Total housing starts were at 629 thousand (SAAR) in June, up 14.6% from the revised May rate of 549 thousand.
Single-family starts increased 9.4% to 453 thousand in June.
The second graph shows total and single unit starts since 1968.
This shows the huge collapse following the housing bubble, and that housing starts have mostly been moving sideways for over two years - with slight ups and downs due to the home buyer tax credit.
This was above expectations of 575 thousand starts in June. Multi-family starts are increasing in 2011 - although from a very low level. This is one of the bright spots for construction and the economy this year.
• Existing Home Sales in June: 4.77 million SAAR, 9.5 months of supply
The NAR reports: June Existing-Home Sales Slip on Contract Cancellations
This graph shows existing home sales, on a Seasonally Adjusted Annual Rate (SAAR) basis since 1993.
Sales in June 2011 (4.77 million SAAR) were 0.8% lower than last month, and were 8.8% lower than in June 2010.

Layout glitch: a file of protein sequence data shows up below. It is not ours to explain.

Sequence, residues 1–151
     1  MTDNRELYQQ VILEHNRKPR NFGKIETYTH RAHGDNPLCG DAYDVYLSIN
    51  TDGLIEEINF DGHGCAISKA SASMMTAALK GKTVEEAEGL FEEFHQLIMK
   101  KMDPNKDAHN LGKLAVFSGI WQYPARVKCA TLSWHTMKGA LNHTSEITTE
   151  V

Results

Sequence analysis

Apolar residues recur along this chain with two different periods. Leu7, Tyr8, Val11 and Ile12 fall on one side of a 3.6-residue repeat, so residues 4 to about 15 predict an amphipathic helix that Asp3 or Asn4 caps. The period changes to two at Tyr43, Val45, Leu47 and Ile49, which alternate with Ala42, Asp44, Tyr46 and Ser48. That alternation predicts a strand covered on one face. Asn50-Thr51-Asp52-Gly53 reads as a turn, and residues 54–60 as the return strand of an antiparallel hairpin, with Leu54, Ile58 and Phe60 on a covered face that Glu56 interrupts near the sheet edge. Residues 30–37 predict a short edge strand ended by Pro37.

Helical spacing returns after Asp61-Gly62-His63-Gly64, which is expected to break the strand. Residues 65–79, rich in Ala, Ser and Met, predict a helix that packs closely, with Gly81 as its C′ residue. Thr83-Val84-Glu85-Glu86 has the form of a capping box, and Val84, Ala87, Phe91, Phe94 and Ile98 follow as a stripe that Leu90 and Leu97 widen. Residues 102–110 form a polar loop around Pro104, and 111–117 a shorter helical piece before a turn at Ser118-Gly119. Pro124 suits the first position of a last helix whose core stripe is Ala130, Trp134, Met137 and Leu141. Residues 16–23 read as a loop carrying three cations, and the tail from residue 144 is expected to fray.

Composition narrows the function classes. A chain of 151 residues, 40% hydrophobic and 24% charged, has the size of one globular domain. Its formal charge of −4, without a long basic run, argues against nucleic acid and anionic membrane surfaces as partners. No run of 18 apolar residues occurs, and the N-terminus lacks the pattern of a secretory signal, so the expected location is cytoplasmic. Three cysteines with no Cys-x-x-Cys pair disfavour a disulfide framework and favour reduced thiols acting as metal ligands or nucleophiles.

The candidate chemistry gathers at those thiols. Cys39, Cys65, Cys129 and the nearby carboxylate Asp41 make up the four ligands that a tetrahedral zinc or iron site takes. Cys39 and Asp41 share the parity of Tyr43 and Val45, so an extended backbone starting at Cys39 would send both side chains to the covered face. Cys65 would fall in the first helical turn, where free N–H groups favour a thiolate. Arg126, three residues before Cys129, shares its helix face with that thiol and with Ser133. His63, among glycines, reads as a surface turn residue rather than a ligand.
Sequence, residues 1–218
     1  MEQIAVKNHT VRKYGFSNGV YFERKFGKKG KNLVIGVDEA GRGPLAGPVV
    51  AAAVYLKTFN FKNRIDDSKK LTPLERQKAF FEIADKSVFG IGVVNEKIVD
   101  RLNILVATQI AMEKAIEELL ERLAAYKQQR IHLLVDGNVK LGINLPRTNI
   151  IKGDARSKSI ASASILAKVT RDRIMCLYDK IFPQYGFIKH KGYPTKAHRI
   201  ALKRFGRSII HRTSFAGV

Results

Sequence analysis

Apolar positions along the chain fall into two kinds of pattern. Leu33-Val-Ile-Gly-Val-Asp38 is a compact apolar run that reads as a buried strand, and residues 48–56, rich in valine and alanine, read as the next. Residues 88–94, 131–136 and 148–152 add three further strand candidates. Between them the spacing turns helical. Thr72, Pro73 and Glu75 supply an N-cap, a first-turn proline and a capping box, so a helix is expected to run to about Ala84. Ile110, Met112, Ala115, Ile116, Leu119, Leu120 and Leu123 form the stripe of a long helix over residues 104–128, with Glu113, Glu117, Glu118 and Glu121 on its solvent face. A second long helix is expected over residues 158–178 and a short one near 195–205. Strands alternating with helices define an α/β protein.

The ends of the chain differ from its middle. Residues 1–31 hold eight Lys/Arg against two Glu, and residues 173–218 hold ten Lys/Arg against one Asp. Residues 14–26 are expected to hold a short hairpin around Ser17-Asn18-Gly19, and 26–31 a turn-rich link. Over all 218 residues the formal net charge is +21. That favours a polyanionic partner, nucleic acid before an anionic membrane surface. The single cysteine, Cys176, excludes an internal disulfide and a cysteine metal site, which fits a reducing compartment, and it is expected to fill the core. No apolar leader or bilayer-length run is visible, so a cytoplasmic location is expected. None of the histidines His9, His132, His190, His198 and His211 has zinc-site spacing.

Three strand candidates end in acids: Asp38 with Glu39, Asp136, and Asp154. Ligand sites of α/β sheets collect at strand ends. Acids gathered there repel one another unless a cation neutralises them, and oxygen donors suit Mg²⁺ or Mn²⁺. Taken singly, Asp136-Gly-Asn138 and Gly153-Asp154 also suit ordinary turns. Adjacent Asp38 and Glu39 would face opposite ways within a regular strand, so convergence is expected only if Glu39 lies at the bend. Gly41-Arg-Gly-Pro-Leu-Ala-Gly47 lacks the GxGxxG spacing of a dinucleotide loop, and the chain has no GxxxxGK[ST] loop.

According to the NAR, inventory increased to 3.77 million in June from 3.65 million in May.
This graph shows the year-over-year (YoY) change in reported existing home inventory and months-of-supply. Since inventory is not seasonally adjusted, so it really helps to look at the YoY change. Note: Months-of-supply is based on the seasonally adjusted sales and not seasonally adjusted inventory.
Inventory decreased 3.1% year-over-year in June from June 2010. This is the fifth consecutive month with a YoY decrease in inventory.
Months of supply increased to 9.5 months in June, up from 9.1 months in May. These sales numbers were below the consensus, but close to Lawler's forecast was 4.71 million using the NAR method.
This graph shows existing home sales Not Seasonally Adjusted (NSA).
The red columns are for 2011.
Sales NSA are below the tax credit boosted level of sales in June 2010 and June 2009, but slightly above the level of June sales in 2008.